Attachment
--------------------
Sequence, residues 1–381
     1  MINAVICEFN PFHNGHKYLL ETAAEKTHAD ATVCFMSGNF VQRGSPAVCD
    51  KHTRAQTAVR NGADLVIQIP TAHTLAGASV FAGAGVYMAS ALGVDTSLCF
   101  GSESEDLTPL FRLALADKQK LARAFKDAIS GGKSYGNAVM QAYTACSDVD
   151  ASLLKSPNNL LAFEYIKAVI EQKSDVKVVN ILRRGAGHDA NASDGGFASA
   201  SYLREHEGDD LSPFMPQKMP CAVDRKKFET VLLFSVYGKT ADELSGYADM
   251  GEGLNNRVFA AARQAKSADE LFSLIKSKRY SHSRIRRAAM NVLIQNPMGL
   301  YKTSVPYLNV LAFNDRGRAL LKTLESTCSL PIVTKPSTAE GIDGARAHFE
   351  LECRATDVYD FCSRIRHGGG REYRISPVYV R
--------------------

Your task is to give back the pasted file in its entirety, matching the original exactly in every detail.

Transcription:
Sequence, residues 1–381
     1  MINAVICEFN PFHNGHKYLL ETAAEKTHAD ATVCFMSGNF VQRGSPAVCD
    51  KHTRAQTAVR NGADLVIQIP TAHTLAGASV FAGAGVYMAS ALGVDTSLCF
   101  GSESEDLTPL FRLALADKQK LARAFKDAIS GGKSYGNAVM QAYTACSDVD
   151  ASLLKSPNNL LAFEYIKAVI EQKSDVKVVN ILRRGAGHDA NASDGGFASA
   201  SYLREHEGDD LSPFMPQKMP CAVDRKKFET VLLFSVYGKT ADELSGYADM
   251  GEGLNNRVFA AARQAKSADE LFSLIKSKRY SHSRIRRAAM NVLIQNPMGL
   301  YKTSVPYLNV LAFNDRGRAL LKTLESTCSL PIVTKPSTAE GIDGARAHFE
   351  LECRATDVYD FCSRIRHGGG REYRISPVYV R